FSC faculty pursue academic projects
LAKELAND, Fla. (March 14, 2006) — Florida Southern College faculty members pursue extracurricular academic activities year-round, giving presentations, publishing articles, and attending conferences. The following summarizes their recent activities and recognitions.
Susan P. Conner, vice president for academic affairs, dean of the college and professor of history, was interviewed in Jan. at the Jumel Mansion (a museum of Napoleonic antiques) in N.Y. by Partisan Pictures for a National Geographic film on Napoleon’s last days that will air in 2007. She was selected to serve as a resource for the film because of her book “Age of Napoleon” (2004). She presented her paper “Napoleon Outside the Box: Gender and other troubling aspects of the Napoleonic era” at the Consortium on Revolutionary Europe in Atlanta, Ga. March 2-5. Conner also serves on the Board of Directors for this international organization. Additionally, she presented her paper “Eau-de-vie, Flesh-Colored Tights, Daggers and Lace: Women during the French Revolution and Napoleonic Era” at the Museum of Florida History in Tallahassee March 12, as part of the museum’s exhibit of Napoleonic artifacts. The presentation used period memoirs and contemporary illustrations to explore Napoleon’s attitudes about women in society.
James M. Denham, professor of history, who won the Preservationist of the Year award from the City of Lakeland Preservation Board on May 9, spoke on “Women in the Civil War in Florida” on National Public Radio Oct. 20. Denham’s essay “Cattle, Catfish, and Moonshine” appeared in the museum exhibition publication: “Catfish, Moonshine, Cattle on the Peavine: Surviving on Florida’s Last Frontier, at the South Florida Community College Museum of Art and Culture. He also moderated the panel discussion “Cattle on the Peavine: History and the Environment” at the Catfish, Moonshine, Cattle on the Peavine: Surviving on Florida’s Last Frontier Conference at South Florida Community College Jan. 13.
Mary M. Flekke, instructional services librarian, and Randall M. MacDonald, collection development librarian, presented on “Lakeland: A Postcard History” at a meeting of the Polk County Historical Association Jan. 10 in Bartow, Fla. They discussed their book “Lakeland,” a collection of postcards of Lakeland, Fla. published before 1950 and drawn from local libraries and personal collections.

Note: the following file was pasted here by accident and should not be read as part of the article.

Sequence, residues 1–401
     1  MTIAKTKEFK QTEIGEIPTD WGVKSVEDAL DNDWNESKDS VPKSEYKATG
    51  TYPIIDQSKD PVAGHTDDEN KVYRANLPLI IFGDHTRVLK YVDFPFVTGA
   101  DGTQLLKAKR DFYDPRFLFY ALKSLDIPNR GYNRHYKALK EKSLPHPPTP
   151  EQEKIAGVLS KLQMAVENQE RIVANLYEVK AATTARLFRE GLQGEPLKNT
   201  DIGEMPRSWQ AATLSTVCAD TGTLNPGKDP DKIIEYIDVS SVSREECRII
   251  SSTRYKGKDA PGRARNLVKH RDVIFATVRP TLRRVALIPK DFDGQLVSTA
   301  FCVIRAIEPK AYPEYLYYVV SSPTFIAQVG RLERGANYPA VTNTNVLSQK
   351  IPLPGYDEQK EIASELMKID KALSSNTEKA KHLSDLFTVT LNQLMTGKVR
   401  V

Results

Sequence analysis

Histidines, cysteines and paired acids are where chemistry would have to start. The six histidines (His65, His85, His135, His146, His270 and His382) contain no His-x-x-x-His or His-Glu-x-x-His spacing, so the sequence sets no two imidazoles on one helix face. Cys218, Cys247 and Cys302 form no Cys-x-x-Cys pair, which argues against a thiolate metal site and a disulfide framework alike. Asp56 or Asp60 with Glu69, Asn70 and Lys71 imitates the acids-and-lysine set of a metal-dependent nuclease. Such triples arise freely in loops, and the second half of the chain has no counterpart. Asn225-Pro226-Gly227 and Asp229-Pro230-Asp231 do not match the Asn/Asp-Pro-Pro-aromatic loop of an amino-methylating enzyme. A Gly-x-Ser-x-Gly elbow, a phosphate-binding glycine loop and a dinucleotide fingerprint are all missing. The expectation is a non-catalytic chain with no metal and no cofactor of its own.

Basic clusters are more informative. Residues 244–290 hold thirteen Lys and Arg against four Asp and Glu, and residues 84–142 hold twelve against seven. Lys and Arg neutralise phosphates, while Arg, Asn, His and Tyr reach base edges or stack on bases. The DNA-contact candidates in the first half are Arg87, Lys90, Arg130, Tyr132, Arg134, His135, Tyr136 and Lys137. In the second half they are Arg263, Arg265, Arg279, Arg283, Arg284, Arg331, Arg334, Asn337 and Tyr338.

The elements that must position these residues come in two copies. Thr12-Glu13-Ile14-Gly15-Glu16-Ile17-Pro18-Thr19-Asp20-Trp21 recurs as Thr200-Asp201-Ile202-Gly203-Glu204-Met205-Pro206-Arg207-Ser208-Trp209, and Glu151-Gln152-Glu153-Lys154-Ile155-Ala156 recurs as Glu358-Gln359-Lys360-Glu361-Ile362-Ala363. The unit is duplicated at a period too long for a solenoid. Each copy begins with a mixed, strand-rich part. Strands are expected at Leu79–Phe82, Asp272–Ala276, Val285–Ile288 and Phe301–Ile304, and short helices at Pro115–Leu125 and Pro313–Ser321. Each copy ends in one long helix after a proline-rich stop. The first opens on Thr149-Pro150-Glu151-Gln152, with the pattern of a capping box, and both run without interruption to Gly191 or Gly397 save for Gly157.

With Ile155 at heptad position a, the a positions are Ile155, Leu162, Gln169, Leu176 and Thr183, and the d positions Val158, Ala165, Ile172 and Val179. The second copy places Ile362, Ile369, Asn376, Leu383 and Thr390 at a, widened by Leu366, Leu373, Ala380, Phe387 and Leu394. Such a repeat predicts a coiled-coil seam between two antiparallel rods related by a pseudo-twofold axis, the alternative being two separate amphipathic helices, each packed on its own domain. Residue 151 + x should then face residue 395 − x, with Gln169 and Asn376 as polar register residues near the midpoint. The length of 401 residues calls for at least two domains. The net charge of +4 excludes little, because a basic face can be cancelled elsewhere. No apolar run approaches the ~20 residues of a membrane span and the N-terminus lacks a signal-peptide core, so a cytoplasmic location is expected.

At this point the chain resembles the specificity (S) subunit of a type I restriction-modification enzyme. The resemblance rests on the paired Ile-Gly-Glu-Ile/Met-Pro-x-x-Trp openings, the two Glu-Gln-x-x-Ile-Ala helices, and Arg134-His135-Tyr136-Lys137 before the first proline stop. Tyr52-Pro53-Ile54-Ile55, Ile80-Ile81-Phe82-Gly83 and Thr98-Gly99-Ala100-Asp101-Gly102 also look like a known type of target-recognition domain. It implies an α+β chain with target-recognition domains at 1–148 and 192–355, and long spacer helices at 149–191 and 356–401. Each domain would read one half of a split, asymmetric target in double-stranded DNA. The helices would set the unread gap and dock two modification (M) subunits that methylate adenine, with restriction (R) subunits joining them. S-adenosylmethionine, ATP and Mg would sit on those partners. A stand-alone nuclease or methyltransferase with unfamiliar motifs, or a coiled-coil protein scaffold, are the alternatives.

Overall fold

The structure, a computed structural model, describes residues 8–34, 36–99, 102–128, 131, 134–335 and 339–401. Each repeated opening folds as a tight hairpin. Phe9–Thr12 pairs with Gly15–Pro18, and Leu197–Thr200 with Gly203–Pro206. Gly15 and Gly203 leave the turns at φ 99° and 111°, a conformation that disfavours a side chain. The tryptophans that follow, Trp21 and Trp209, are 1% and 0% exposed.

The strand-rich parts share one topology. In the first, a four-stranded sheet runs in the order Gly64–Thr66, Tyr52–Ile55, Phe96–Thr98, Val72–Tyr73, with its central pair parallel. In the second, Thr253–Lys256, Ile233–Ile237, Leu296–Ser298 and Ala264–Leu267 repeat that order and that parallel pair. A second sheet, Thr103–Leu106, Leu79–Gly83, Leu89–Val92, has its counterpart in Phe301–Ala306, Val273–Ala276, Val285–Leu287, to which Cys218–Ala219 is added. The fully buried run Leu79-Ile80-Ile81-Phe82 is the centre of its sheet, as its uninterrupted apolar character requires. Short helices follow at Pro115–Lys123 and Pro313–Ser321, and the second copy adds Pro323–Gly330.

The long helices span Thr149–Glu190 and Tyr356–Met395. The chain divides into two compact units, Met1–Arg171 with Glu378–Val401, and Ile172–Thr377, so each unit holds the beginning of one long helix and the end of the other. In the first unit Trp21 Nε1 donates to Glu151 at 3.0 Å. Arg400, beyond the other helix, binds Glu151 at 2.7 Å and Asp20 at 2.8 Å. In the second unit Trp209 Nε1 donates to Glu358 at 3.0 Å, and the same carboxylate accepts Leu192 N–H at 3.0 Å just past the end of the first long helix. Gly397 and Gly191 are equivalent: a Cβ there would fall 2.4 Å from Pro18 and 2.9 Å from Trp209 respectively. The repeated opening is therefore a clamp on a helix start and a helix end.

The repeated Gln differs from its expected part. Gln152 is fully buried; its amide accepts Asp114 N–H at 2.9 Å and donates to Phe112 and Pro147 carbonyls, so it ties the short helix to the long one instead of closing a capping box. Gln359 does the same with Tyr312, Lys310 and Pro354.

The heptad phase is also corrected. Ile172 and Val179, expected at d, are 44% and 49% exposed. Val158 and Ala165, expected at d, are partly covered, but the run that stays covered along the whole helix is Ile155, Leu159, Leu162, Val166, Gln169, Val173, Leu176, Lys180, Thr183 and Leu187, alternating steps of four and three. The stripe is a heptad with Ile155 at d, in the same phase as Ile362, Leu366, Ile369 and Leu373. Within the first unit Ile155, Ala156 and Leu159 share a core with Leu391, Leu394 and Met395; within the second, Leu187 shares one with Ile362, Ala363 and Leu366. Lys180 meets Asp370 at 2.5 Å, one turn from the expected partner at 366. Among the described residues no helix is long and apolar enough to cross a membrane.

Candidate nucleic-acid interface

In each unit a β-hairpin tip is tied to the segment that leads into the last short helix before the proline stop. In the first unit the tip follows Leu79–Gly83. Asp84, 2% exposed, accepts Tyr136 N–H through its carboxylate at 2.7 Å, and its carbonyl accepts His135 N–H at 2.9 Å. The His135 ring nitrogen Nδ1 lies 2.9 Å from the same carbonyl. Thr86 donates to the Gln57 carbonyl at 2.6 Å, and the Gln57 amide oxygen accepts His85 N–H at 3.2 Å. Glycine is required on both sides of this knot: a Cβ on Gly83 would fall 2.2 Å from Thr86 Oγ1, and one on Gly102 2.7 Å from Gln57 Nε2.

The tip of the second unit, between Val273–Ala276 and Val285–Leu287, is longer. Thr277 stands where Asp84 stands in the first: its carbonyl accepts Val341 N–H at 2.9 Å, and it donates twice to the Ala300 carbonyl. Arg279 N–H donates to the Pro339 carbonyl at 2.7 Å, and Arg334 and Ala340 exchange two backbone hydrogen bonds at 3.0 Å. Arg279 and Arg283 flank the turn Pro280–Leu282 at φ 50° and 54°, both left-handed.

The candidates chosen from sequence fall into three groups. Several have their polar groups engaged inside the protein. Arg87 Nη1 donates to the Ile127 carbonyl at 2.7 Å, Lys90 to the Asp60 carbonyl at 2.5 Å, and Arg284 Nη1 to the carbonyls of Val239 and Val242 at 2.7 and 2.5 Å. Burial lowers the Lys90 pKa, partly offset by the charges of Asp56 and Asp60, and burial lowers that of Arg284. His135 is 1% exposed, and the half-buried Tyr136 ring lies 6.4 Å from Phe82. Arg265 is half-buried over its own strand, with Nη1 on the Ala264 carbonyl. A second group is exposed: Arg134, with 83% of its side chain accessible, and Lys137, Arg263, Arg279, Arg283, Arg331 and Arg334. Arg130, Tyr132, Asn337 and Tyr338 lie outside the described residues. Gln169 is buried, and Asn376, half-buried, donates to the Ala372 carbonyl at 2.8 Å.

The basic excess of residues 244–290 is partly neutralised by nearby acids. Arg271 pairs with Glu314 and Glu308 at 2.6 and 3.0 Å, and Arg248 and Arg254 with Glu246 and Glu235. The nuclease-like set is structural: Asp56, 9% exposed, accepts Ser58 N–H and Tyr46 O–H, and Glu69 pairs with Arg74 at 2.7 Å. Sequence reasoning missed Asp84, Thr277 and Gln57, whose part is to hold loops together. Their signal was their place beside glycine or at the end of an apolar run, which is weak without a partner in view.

Luis A. Jimenez, professor of Spanish, was interviewed by “Vision Latina,” a Spanish-language section of The Ledger, about Hispanic dating on the internet. Part of the interview appeared in the Feb. 9 issue of the newspaper.
Jo A. Jossim, associate professor of music, earned a National Band Association Citation of Excellence for outstanding contribution to bands and band music. She also performed with the Hollingsworth Winds and presented a new music reading session with the Florida Bandmasters Association at the Florida Music Educators Association Conference Jan. 4-7 in Tampa, Fla.
Christopher H. Ramey, assistant professor of psychology, presented his paper “Extinction of a Body of Thought: The neuroscience and phenomenology of where the mind and body end” at the Broken Minds/Broken Bodies: What Cognitive Science Can Learn from Neuro- Psycho- Pathologies Conference in Orlando, Fla. in Feb. His essay “A Pygmalion Problem for the Science of Psychology,” a review of the book “Symbol Use and Symbolic Representation: Developmental and Comparative Perspectives,” was published in “PsycCRITIQUES – APA Contemporary Psychology Review of Books” in Feb.
John Stancil, associate professor of accounting, will serve as track chair for accounting at the annual meeting of the Southeast Institute for Operations Research and Management Sciences (SE INFORMS) in Myrtle Beach, S.C. in Oct. SE INFORMS is a forum for research on operations and management science. Stancil will organize the review of papers on accounting.
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